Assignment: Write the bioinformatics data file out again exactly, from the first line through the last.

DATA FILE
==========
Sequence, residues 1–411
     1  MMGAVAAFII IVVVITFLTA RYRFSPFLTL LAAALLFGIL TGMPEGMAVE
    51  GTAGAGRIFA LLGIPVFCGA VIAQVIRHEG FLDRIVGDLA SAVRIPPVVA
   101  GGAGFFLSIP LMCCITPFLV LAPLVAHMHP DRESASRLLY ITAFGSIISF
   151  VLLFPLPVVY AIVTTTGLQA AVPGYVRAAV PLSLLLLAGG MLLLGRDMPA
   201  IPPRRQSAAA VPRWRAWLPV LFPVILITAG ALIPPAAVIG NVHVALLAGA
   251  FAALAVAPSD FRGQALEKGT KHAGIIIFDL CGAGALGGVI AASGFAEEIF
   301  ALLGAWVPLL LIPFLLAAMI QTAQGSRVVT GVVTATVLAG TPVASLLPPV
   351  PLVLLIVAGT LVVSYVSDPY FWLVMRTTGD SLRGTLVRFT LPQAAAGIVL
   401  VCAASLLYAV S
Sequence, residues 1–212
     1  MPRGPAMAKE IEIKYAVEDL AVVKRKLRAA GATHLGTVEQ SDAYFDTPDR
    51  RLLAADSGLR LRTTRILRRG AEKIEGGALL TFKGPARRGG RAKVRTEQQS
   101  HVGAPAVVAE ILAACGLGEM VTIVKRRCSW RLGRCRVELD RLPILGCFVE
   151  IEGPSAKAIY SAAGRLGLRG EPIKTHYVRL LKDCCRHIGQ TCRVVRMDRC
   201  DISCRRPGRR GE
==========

Sequence, residues 1–411
     1  MMGAVAAFII IVVVITFLTA RYRFSPFLTL LAAALLFGIL TGMPEGMAVE
    51  GTAGAGRIFA LLGIPVFCGA VIAQVIRHEG FLDRIVGDLA SAVRIPPVVA
   101  GGAGFFLSIP LMCCITPFLV LAPLVAHMHP DRESASRLLY ITAFGSIISF
   151  VLLFPLPVVY AIVTTTGLQA AVPGYVRAAV PLSLLLLAGG MLLLGRDMPA
   201  IPPRRQSAAA VPRWRAWLPV LFPVILITAG ALIPPAAVIG NVHVALLAGA
   251  FAALAVAPSD FRGQALEKGT KHAGIIIFDL CGAGALGGVI AASGFAEEIF
   301  ALLGAWVPLL LIPFLLAAMI QTAQGSRVVT GVVTATVLAG TPVASLLPPV
   351  PLVLLIVAGT LVVSYVSDPY FWLVMRTTGD SLRGTLVRFT LPQAAAGIVL
   401  VCAASLLYAV S
Sequence, residues 1–212
     1  MPRGPAMAKE IEIKYAVEDL AVVKRKLRAA GATHLGTVEQ SDAYFDTPDR
    51  RLLAADSGLR LRTTRILRRG AEKIEGGALL TFKGPARRGG RAKVRTEQQS
   101  HVGAPAVVAE ILAACGLGEM VTIVKRRCSW RLGRCRVELD RLPILGCFVE
   151  IEGPSAKAIY SAAGRLGLRG EPIKTHYVRL LKDCCRHIGQ TCRVVRMDRC
   201  DISCRRPGRR GE